Wednesday, December 30, 2009

Colors of Laos

Colors in Thailand are ritualized--yellow for Monday, pink for Tuesday--or politicized--yellow shirts, red shirts, blue shirts--or polite--muted colors in subdued palates. I am always amazed when I see a photo of the oldest princess dressed in scarlet, which she often is (but then she did marry an American and lived for years in the states.) When I buy a present for my friend Usa, it is always brown or black if it's something to wear, and I am taken aback that Jessia, our housekeeper, often wears a turquoise tee shirt I gave her (but then she has lived in an American household for over a decade.) If it weren't for the blazing gold and red of Thai temples, I would be be starved for color in this kingdom.

But not in Laos. How is it that across a river lives a glowing, gleaming, exuberant, imaginative world of color? It's like trading in a small box of Crayolas for the deluxe 144 crayon pack and it brings me the same sort of joy that I felt as a child when Crayola taught me that there was turquoise and magenta and fuchsia and tangerine as well as ROYGBIV.

I could go broke in a heartbeat buying fabric in Laos--this time I confined myself to purchasing a few Hmong items embroidered with a story-cloth motif but it was difficult to be so restrained. Whether in an upscale silk shop or at the morning market, cloth in Laos is a riotous festival of creatively combined colors--the same sort of glorious tints that Hmong flower vendors place in bouquets at Seattle's Pike Place Market but in Laos they are unfading, immortalized in textiles.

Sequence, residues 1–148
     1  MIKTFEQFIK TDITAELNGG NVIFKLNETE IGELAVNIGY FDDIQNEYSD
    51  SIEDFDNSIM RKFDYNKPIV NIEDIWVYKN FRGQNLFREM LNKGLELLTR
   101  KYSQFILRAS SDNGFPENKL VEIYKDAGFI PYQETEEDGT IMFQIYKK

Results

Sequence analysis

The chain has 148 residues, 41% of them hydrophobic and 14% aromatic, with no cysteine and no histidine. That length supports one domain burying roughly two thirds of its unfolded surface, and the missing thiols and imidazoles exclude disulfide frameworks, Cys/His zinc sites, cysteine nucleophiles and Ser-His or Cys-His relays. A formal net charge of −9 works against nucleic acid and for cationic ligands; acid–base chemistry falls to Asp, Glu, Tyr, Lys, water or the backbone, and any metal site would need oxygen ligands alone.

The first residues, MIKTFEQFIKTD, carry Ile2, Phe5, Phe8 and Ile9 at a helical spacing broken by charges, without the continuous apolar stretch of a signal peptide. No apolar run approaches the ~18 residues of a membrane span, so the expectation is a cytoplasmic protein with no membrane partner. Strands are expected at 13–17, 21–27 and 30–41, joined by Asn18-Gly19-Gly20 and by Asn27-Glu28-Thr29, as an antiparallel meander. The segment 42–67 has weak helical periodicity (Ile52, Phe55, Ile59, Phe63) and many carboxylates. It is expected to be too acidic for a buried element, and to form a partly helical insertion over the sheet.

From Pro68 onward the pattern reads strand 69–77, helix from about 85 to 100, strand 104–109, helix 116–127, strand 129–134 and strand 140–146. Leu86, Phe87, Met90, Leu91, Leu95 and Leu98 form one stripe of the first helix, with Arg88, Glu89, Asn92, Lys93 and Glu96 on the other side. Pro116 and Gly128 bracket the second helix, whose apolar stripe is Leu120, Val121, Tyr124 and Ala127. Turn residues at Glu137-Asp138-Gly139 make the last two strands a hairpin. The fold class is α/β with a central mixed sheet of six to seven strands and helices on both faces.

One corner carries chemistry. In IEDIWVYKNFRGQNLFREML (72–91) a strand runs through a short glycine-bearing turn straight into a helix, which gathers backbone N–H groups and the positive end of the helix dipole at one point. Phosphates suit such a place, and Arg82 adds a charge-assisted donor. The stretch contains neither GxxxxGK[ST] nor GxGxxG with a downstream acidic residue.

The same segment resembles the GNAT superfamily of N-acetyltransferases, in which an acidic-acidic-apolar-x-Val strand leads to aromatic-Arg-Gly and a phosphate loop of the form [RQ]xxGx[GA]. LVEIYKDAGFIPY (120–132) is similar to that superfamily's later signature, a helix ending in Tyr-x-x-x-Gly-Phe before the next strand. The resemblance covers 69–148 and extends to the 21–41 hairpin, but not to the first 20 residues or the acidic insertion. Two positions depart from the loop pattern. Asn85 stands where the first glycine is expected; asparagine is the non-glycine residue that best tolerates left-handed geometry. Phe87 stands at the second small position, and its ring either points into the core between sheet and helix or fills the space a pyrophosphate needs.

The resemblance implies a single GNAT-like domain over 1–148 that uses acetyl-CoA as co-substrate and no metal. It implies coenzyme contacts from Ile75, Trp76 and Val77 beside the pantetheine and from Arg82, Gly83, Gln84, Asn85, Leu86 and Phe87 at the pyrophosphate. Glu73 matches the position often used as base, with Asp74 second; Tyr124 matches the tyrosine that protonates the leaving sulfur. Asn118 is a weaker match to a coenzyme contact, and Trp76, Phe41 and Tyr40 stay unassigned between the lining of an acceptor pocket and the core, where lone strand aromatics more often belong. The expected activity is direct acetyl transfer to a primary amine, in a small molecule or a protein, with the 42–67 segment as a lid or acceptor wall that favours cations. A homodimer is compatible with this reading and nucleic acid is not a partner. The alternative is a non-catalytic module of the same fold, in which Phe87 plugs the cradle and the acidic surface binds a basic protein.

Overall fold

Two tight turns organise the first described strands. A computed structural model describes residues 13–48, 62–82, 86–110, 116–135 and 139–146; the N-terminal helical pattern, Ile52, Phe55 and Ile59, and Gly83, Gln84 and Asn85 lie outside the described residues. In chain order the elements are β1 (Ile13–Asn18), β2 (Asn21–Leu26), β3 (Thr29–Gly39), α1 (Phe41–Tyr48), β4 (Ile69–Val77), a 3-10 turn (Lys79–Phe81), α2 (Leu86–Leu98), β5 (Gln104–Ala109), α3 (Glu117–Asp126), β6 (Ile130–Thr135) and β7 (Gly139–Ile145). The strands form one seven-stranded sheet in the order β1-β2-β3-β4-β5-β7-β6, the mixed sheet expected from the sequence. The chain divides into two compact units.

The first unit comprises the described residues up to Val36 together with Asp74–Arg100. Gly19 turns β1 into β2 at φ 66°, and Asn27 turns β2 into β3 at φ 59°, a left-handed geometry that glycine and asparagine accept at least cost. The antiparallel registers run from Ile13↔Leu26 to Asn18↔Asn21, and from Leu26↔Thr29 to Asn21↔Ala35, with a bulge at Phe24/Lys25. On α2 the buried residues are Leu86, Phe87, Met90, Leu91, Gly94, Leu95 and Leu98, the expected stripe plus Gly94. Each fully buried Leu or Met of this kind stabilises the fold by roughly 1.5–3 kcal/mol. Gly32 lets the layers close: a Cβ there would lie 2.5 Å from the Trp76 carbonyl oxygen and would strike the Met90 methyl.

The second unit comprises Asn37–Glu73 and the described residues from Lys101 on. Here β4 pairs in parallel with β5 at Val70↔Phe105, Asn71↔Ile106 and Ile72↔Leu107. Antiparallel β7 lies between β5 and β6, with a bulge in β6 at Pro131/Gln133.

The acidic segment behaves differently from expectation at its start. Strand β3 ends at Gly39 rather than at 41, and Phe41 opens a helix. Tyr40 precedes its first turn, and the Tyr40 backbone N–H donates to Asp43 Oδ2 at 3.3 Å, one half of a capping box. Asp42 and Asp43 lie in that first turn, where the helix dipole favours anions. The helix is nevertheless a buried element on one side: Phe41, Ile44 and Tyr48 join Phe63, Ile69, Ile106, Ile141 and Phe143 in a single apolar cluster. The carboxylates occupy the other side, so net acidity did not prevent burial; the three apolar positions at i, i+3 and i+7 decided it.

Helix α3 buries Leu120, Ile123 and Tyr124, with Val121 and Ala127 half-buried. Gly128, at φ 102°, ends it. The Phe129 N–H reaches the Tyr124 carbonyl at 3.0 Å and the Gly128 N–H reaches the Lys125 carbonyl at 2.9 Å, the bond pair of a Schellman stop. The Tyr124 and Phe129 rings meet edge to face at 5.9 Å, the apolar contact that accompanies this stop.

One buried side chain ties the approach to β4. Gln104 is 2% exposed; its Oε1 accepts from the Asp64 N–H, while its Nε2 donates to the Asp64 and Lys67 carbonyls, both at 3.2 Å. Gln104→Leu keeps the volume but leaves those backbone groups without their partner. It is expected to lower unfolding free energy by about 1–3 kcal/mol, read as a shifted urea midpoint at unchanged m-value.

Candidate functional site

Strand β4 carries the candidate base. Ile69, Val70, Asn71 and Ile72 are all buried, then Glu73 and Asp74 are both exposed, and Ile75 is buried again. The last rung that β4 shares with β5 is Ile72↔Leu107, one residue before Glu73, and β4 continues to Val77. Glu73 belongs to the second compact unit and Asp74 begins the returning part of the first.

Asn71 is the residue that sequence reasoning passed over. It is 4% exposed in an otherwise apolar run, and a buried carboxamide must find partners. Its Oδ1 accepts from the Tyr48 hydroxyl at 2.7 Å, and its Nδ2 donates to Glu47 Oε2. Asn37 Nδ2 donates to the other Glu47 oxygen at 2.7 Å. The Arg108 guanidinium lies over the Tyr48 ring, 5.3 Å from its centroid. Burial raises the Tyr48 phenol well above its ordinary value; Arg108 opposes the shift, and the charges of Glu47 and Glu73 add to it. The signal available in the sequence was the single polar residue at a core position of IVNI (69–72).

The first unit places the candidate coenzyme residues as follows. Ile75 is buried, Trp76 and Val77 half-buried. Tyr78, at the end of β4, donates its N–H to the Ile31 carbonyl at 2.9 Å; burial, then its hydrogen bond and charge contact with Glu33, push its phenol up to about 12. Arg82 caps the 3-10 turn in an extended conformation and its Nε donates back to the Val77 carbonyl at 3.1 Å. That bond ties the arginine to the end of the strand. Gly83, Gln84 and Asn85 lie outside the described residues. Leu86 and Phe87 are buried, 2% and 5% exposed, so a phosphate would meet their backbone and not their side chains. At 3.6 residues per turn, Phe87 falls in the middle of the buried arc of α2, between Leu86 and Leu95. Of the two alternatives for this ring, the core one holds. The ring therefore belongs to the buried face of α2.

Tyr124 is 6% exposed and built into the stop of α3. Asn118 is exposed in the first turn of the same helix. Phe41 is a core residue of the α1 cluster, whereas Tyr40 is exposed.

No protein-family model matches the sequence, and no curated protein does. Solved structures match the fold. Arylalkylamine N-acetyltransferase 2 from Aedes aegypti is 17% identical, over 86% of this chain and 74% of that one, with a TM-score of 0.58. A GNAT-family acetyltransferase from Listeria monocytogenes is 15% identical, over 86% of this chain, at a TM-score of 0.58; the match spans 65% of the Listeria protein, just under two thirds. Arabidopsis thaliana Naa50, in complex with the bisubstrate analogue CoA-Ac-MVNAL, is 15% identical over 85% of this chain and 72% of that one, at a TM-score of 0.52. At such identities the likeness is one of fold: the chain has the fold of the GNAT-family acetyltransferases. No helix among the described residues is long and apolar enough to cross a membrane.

The same brilliance is found in Laos temples--hues that never appear in their Thai counterparts--and the harmonious anarchy of colors other than red and gold delight my spirit and dazzle my imagination. When I look at the interior of a domed roof in Laos, I feel as though I have seen these tints before in my dreams, when I first was given a big box of Crayolas and began to realize the potential of a world of colors.

Monday, December 28, 2009

Temples and Bookshops--Part one

As the night train to the Laos border pulled away from Bangkok's art deco station, I sipped my beer and looked at the man sitting across from me. He was elaborating on the subject of Thai girls and I was feeling grateful that our beds would be made up soon so he would have to move. I hoped he didn't talk in his sleep because I already knew far more about him than I ever needed to know.

The next morning there he was, clearly fancying himself as an Old Asia Hand after three years in Thailand, telling everyone within earshot where they should stay and how they should barter and where they could get a free refill on their cup of morning coffee. I listened carefully, making mental notes of neighborhoods and restaurants to avoid while I was in Laos' capitol city. The Ancient Mariner was someone I never wanted to have to listen to again.

I didn't need to worry. He was a man who knew where all the cheapest places in Vientiane were to be found and I was willing to pay for comfort--a financial incompatibility lay between us like a very welcome moat. He was dead set on his 250 baht guesthouse and I decided upon my hotel choice, without making my selection public, minutes before disembarking at the border.